Subject: Re: Sun 3/50 Ham Radio.
To: None <>
From: David Kelly <>
List: port-sun3
Date: 01/31/2001 20:34:05
"=3D?ISO-8859-1?Q?H=3DE5kan Th=3DF6rngren?=3D" writes:
> >>>>> "David" =3D=3D David Kelly <> writes:
> =

> David> needed then use the kernel's SL/IP, PPP, or BPF interface. Direc=
t =

> David> access to the 8530 serial port would be nice as then one could u=
se a =

> David> BayCom-ish radio modem without bit-banging the protocol.
> =

> I am no kernel expert in any way, but I think it would be nice to have
> it in the kernel.  I would like to use it together with TCP/IP, can
> that be done without having it inside the kernel?

How much does it hurt for pppd(8) or ppp(8) to be outside the kernel?
I see ax.25 as a link-level layer where it is advantageous to be able to =

run completely without the kernel's networking, or for TCP/IP then by =

all means provide a SL/IP, PPP, or BPF connection back into the kernel.

> You should also
> consider that many machines that run NetBSD are old and slow.  AX25
> in itself is not slow, it depends on the communication hardware being
> used.

1200 bps is the definitive interface. 9600 can still be purchased out =

of most catalogs. 56k is exotica. On the 1200 bps links you can count =

on 300 mS overhead just to key the radio. Faster is possible but you =

have to convince those with slow synthesizers that its their problem =

and not yours. Something like 60 cps thruput.

A major problem with using kernel TCP/IP stacks is the very long delays =

which are typical of AX.25 RF links.

> If someone would like to describe to me briefly how they think AX25
> should be implemented on NetBSD I would be very interested.  Just to
> get me started and think a little bit more about it...
> =

> David> Unix needs a Unix-AX25 userland suite of applications. But nobod=
y seems =

> David> to care enough these days to spend the time doing it. Myself inc=
> =

> That is probably correct, but you could probably get somewhere using
> TCP/IP based applications over packet radio for a start.  FTP and SMTP
> would be nice for example. We used AX25 a little bit for running a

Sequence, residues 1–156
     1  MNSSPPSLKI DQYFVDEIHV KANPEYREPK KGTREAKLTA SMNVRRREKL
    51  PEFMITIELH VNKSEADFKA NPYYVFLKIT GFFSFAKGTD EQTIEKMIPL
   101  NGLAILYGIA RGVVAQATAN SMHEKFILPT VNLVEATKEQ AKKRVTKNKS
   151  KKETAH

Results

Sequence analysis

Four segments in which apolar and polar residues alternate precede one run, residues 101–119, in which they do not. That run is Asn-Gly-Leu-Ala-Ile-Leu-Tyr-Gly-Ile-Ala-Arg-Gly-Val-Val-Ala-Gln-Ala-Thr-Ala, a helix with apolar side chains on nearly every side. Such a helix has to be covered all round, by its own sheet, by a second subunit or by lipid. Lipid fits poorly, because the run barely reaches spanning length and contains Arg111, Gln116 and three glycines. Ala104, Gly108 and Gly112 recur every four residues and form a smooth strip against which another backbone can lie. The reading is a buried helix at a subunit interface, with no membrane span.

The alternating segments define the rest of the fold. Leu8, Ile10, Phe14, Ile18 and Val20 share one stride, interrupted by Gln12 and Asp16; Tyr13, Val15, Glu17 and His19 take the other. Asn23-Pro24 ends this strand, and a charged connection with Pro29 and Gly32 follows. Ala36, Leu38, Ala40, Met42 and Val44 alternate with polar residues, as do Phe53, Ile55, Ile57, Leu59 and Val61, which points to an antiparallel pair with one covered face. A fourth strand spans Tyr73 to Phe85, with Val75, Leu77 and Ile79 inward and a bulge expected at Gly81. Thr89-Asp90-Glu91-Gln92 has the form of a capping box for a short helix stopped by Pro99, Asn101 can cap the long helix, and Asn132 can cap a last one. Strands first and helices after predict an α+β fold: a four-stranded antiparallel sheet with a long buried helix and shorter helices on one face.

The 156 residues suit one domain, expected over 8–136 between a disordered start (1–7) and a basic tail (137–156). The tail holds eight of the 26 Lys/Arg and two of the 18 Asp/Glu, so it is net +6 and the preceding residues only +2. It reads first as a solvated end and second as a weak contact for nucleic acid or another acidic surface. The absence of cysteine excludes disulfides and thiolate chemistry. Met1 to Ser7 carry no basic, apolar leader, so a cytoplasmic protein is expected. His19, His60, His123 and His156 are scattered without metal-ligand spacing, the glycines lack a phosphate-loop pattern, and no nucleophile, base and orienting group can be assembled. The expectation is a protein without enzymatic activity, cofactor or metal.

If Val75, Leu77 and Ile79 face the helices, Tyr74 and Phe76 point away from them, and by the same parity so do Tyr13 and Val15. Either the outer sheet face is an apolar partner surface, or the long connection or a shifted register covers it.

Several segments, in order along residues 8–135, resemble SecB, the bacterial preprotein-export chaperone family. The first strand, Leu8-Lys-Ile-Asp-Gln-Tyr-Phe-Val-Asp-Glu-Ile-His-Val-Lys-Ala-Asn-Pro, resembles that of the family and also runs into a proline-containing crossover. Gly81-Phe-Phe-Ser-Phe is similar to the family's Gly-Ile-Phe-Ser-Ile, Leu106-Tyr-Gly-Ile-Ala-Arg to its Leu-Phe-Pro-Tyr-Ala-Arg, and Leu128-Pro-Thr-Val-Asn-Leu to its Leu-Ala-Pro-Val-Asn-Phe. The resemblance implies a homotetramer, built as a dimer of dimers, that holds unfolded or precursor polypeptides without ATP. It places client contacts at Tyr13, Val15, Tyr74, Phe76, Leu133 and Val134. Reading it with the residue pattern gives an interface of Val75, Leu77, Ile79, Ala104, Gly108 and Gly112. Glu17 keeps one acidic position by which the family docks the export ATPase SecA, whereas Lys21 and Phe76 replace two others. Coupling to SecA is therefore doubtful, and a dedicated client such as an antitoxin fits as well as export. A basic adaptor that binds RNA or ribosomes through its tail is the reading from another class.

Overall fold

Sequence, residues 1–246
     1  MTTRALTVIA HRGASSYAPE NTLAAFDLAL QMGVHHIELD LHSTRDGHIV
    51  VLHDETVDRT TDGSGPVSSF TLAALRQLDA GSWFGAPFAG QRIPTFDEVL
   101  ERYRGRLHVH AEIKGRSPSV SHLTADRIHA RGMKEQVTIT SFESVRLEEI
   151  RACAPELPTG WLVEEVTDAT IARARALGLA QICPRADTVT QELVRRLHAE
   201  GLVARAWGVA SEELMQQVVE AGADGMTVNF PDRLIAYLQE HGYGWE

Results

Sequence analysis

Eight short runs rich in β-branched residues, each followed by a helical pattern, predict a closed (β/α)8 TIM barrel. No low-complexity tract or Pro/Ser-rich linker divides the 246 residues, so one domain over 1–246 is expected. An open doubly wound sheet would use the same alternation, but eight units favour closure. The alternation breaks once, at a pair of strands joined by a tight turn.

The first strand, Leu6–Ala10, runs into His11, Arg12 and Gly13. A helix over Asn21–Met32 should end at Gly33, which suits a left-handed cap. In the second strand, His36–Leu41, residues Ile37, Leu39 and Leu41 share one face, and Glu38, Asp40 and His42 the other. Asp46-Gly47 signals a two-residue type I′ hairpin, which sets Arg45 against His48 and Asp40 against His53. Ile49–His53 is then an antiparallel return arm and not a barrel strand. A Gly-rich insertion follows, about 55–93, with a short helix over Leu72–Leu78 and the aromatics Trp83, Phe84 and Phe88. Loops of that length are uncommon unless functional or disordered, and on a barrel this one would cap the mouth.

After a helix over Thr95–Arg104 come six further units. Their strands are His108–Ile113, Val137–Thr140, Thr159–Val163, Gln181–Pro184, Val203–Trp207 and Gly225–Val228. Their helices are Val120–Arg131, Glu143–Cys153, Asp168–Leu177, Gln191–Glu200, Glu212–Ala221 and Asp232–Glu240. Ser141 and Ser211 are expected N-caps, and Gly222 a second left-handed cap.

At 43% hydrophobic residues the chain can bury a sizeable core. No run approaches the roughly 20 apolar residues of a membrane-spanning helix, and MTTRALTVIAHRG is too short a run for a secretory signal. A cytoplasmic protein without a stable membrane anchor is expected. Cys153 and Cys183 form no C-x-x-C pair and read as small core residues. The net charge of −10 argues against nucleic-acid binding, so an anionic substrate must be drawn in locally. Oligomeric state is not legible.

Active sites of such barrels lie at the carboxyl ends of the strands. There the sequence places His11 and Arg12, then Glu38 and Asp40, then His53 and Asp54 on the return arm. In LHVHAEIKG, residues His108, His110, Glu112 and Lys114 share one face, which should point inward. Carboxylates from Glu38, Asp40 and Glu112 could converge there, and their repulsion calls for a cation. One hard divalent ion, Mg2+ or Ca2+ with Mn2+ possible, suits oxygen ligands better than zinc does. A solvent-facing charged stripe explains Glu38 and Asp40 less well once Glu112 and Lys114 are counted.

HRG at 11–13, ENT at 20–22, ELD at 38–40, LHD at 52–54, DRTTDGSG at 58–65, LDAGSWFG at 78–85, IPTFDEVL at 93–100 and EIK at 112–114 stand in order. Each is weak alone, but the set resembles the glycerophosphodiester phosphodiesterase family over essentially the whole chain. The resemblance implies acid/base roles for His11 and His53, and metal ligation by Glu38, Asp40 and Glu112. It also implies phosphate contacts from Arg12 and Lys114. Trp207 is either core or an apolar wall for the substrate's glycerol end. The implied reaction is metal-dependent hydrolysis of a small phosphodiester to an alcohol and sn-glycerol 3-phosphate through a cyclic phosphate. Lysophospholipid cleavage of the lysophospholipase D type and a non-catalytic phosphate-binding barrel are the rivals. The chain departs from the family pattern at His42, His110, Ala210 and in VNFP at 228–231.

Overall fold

> multiuser game around here. It was not popular, other people seemed to
> like a quiet channel more, even though they did little with it...

IMHO what is needed is a Unix-like ability to build unique applications
on a solid base. Am not referring to *BSD but to the Unix Way where you
build a good solid engine where fairings and trailer hitches can be
added by others without breaking everything. Such as the way a Unix
shell integrates all the other utilities.

Were I to do it, and start from a clean sheet, the first thing I'd do is
built a daemon to attach to a serial port and communicate with a TNC in
its most brain dead mode, KISS. The daemon will have to implement AX.25
itself. But having control over the TNC it could also provide the raw
pipe onto the radio for TCP/IP. Or tunnel TCP/IP over AX.25. Would think
of this daemon as being much like inetd in that on incoming connect it
could consult its configuration and launch a BBS. Most "destinations"
for an incoming packet would be external to this daemon, a very few
would be served by simple internal "servers". For incoming TCP/IP
packets it could direct them to the kernel.

On a system with multiple radios, run multiple daemons, each with its
own config. A TCP link into the kernel would be useful for these daemons
to talk to each other. There is already a tunneling protocol in use for
amateur radio operators to link over the internet. The same thing that =

links two daemons in one computer could link to the rest of the world.

Interesting that the entire 44.x.x.x net is

Routing is quite another issue.

I don't think I'm the only one to have had similar ideas. "Kernel AX.25"
has quashed any separated AX.25 development. TNOS and JNOS
all-in-one-ported-from-DOS systems are still in use by a few diehards. =

But then again this is a Sun mailing list so everybody knows about that.

David Kelly N4HHE,
The human mind ordinarily operates at only ten percent of its
capacity -- the rest is overhead for the operating system.